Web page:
Jun 09, 2008, 08:01 PM
Gypsyheart~ Queen of Rust
Jacob Bluebaugh's Hidden Gold
Frederick County, Maryland, deed records show that on OCT 23, 1753, Conrad Hagmire conveyed some land by deed to Jacob Bromback (Deed Book E, page 293). We might suppose this Jacob was aged 20 years or more when he obtained this land which would place his birth before 1734. On MAR 22, 1773, Jacob Blueback or Bluebauch was petitioning for title to some land in Frederick County, Maryland, called Weddings Choice which he was "seized in fee of" (Deed Book P, page 680). Was this the same Jacob who was in Washington County, Virginia, in 1786? Two deed records in Frederick County, Maryland, are for a Rudey, Rudy, or Rudolph Bruback (probably a corrupted spelling of Bluebaugh). On OCT 5, 1759, Edward Diggs and Ralph Taney conveyed land to Rudey and on MAR 20, 1765, Rudy or Rudolph Bruback conveyed land to Andrew Hull (Deed Book 5, page 836) and (Deed Book J, page 1076) respectively. The 1790 Maryland Census shows some of the family still there. Benjamin Bluback was a family head in Frederick County with himself aged 16 years and up (born prior to 1775), a free white male under 16 (born 1775-1790), 2 free white females, and 1 slave.
What was the Jacob Bluebaugh of Lee County, Virginia, like? According to family tradition, he was married twice. He and his first wife (name unknown) were the parents of a girl named Mary. Perhaps she was the only child of his first marriage. After Jacob's wife's death, he married again, this time to Esther or Hester. Census records of 1830 and 1860 and a deed show "Esther." However, the step-mother of Mary Bluebaugh was "Old Granny Hettie" according to Mary's granddaughter, Elizabeth Flanary (1840-1930) who married Abraham Pennington.2 The deed showing Jacob's wife as Esther also mentions their daughter, Esther A., but the marriage record for this daughter shows "Hester A." Apparently, Esther, Hester, and "Hettie" were used interchangeably.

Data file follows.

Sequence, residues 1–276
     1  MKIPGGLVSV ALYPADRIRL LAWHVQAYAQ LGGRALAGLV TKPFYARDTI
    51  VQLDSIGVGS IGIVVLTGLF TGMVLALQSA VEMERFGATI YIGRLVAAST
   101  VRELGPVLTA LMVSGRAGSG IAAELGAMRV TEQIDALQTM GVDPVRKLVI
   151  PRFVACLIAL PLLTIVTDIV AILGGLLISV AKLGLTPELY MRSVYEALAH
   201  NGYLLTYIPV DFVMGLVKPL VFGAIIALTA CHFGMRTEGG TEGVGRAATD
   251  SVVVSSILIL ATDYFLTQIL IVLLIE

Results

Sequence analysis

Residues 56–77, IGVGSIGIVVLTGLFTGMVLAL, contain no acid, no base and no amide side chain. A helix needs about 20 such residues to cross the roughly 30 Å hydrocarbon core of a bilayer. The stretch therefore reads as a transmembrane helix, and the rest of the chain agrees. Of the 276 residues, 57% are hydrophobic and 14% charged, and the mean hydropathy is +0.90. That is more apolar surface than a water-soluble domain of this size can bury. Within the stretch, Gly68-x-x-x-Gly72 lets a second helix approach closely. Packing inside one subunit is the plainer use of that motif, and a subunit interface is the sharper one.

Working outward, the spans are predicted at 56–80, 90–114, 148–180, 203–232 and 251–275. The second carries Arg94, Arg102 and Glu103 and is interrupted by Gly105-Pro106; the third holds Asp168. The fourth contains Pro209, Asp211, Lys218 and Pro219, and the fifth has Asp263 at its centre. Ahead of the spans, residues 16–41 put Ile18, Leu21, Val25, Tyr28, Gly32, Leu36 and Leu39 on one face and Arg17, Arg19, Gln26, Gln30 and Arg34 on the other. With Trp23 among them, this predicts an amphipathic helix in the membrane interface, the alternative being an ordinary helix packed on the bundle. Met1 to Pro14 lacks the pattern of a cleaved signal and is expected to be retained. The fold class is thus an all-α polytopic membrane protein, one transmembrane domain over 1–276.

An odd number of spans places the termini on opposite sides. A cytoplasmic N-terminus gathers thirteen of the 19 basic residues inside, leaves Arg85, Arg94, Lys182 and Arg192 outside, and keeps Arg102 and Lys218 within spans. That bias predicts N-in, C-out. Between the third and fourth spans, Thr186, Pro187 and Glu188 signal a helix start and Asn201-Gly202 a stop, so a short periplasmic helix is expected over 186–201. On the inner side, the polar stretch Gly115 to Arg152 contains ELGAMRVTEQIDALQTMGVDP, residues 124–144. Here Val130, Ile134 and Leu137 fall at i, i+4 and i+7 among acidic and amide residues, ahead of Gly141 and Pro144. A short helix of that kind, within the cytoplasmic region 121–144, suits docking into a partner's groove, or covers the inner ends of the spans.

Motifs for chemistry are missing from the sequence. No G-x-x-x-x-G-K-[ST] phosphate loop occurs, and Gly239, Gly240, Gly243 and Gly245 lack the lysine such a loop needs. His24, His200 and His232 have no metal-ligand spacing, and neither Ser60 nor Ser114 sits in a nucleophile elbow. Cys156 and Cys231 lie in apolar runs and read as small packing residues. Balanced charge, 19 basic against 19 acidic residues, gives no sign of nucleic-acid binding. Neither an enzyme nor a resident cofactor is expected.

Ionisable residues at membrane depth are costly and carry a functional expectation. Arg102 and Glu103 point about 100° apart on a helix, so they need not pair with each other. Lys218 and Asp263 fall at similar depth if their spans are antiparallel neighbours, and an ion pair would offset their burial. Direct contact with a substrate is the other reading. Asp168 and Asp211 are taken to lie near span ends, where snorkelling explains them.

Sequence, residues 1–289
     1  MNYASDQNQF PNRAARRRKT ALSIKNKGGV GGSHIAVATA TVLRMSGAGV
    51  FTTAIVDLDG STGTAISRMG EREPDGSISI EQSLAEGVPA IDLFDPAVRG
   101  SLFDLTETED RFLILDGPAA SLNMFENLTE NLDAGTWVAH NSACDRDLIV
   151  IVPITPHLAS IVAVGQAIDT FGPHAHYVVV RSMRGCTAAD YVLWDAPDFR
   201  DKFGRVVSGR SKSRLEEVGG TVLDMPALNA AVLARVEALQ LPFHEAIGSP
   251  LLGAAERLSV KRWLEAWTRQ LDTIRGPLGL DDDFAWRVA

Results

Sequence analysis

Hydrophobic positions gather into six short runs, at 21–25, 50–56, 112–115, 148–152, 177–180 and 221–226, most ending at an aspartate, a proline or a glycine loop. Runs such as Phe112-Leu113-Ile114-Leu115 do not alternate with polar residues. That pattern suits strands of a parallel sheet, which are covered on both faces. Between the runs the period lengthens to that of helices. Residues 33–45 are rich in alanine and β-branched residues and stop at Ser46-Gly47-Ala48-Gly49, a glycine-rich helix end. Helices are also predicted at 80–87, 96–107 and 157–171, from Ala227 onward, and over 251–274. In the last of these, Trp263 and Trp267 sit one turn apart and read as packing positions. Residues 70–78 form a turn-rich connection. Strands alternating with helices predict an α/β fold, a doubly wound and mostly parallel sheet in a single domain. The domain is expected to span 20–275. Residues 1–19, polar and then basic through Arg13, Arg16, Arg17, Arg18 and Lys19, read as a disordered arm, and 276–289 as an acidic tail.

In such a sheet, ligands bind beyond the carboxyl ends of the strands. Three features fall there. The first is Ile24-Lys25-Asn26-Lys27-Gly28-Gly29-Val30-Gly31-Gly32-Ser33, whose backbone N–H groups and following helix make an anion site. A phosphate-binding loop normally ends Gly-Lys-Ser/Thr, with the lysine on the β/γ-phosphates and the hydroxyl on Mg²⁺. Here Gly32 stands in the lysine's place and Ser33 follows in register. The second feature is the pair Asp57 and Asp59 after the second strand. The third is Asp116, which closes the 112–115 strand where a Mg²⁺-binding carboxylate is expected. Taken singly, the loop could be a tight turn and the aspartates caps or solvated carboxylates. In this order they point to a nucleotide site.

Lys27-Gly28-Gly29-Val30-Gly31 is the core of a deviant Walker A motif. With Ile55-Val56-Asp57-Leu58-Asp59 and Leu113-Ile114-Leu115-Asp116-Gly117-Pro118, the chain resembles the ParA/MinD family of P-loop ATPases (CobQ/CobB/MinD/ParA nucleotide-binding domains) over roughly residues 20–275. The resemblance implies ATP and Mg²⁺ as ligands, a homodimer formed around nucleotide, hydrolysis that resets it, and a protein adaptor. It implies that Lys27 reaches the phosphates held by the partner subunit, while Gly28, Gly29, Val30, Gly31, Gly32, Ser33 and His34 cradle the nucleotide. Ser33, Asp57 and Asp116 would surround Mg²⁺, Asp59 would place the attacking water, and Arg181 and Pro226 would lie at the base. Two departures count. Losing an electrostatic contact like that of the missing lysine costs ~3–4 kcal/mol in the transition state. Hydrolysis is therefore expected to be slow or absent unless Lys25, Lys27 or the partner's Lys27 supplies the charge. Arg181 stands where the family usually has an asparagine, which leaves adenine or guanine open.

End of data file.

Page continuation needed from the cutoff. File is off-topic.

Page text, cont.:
We can surmise from the stories handed down both through Bluebaugh descendants and descendants of their neighbors that Esther was quite overbearing and domineering and that Jacob was a "henpecked husband" and perhaps a bit eccentric. There is even a hint of Esther's personality in the name "Old Granny Hettie." Her name was remembered in a handed down story 3 that Hettie Bluebaugh hit her husband with a cornpone. He was so very meek and humble that he said, "Honey, what made you hit me so hard?" Also, there is the story, learned from a different source, 4 that one time Jacob Bluebaugh's second wife had him outside and was about to chop off his head with an axe because he wouldn't tell her where he had buried his gold. Luckily, so the story goes, a neighbor - thought to be a Flanary - happened by at the right moment and saved Jacob from the fate of the axe.
The story that Jacob Bluebaugh had gold was told and retold throughout the neighborhood. Apparently he wouldn't give up the secret as to where he had hidden it even to his second wife under her threats of death. Where had he obtained so much gold that he had to hide it? Probably Jacob brought considerable wealth with him when he came to southwest Virginia as he acquired several acres of land. Perhaps he had gold left after making his land purchases and buried it somewhere on his farm.